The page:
The current bout of inflation afflicting the U.S. is most notable for its impact on gasoline prices across the country. Consumers are paying nearly 50 percent more to fill up their tanks in 2022 year over year, and consumer attention has fallen on the strained supply of multiple types of distillates, from diesel to jet fuel. A great deal of these costs involve limitations (both market based and political) on production of crude oil and natural gas. Elsewhere in the energy supply chain, however, infrastructure issues are forcing prices higher.

Outdated or damaged gas transportation infrastructure can have an impact on supply and costs, with pipelines specifically delivering upwards of 27.7 trillion cubic feet (Tcf) of natural gas to 77.3 million customers in 2020. That means disruptions to pipeline networks have a direct impact on gas supply and what consumers pay.

The recent accident involving an Energy Transfer transmission pipeline carrying natural gas in west Houston, Texas impacted both directly and indirectly. Accidents like pipeline explosions can cause supplies of natural gas to be further restricted while the pipeline remains out of commission. In Texas specifically, the partial shutdown of the Freeport LNG plant will lead to lower domestic natural gas prices, since supplies destined for export may instead be kept within the country. However, pipeline damages can create additional costs as companies scramble to maintain the flow of gas to businesses and consumers and deal with lost product, repair, and reputational impacts. Consumer prices can also be subject to additional volatility if the needed pipeline infrastructure is not constructed. Particularly in West Texas, the lack of pipeline infrastructure has not kept pace with production and demand for transportation.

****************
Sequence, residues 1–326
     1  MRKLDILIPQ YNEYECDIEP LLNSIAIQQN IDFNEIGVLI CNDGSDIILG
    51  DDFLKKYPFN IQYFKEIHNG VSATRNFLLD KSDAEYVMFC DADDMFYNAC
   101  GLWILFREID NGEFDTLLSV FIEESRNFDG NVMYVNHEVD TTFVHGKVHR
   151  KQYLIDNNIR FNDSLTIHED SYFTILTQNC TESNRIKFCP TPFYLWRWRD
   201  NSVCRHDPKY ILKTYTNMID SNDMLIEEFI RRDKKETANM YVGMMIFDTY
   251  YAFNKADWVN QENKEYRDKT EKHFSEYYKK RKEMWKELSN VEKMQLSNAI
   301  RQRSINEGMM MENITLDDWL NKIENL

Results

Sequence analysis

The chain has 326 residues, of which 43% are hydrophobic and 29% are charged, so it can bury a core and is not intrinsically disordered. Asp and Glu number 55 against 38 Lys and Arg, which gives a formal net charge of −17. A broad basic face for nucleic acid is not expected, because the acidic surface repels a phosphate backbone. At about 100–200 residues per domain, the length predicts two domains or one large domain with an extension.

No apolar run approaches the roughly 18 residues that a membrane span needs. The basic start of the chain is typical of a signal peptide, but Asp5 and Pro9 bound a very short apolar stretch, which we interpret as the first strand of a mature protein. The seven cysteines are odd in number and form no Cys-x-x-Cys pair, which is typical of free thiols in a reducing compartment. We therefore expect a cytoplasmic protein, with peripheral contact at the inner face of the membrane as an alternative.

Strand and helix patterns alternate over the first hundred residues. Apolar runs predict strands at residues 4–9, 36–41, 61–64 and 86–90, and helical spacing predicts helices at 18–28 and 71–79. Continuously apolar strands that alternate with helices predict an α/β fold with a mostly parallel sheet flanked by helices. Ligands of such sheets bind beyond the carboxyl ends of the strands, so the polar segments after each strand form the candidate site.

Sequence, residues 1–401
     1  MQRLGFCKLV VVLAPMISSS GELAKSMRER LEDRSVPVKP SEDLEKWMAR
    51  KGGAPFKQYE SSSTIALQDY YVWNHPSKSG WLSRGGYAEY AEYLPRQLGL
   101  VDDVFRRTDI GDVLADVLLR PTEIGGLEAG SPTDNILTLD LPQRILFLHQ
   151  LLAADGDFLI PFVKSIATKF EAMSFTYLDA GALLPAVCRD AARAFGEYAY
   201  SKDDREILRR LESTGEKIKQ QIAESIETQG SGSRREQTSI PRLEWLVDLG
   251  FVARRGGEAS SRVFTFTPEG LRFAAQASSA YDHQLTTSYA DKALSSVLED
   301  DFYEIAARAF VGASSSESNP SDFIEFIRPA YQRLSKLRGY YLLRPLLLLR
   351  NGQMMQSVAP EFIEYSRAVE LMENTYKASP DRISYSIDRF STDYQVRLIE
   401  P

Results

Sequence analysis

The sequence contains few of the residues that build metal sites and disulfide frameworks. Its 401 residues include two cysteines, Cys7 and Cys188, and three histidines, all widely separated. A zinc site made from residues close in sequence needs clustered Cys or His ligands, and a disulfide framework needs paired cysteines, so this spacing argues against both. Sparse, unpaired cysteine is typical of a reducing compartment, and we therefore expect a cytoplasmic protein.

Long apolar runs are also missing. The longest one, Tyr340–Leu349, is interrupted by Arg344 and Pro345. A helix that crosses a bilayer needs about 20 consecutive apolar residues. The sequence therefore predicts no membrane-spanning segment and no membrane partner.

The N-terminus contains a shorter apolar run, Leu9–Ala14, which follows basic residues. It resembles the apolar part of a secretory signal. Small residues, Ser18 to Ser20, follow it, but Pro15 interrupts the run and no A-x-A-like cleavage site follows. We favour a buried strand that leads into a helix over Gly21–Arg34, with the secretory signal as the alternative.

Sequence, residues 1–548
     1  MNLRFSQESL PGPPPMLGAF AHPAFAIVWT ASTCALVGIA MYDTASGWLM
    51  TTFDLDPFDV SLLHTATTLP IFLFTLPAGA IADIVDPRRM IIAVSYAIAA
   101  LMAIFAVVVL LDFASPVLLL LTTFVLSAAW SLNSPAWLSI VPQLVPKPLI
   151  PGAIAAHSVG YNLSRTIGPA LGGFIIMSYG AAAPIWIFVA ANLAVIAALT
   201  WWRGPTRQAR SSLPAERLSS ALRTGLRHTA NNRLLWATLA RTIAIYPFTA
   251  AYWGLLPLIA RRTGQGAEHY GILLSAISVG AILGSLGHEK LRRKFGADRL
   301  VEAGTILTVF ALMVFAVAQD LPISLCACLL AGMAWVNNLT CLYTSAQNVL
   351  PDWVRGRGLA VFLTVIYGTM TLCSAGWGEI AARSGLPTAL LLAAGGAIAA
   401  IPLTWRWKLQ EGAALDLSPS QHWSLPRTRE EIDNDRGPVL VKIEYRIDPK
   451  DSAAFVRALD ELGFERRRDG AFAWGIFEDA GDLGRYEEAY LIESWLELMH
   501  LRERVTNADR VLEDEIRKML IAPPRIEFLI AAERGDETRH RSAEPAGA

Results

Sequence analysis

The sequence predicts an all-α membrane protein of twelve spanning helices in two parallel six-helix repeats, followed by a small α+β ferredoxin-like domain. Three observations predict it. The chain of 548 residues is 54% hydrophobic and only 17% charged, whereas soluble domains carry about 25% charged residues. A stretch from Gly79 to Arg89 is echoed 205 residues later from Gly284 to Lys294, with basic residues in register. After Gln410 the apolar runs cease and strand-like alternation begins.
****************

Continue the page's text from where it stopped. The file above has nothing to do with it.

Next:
Consumers will face multiple factors that impact the price of natural gas. Right now, federal restrictions on production, pipeline accidents, partial processing plant shutdowns, and the upcoming winter months will mean a restricted supply amid annual surges in demand. Heating bills will be elevated due to these factors, on top of inflation. While the investigation into the Energy Transfer pipeline accident is ongoing, consumers can identify gaps in the U.S. pipeline network to adapt to supply fluctuations. Areas of particular note are the northeastern U.S.  and portions of the western U.S. These areas will likely see additional transportation costs accompanying supply constraints, as moving energy products by truck or rail is more expensive than by pipeline.


Written by Roy Mathews, Public Policy Associate


The Alliance for Innovation and Infrastructure (Aii) is an independent, national research and educational organization. An innovative think tank, Aii explores the intersection of economics, law, and public policy in the areas of climate, damage prevention, energy, infrastructure, innovation, technology, and transportation.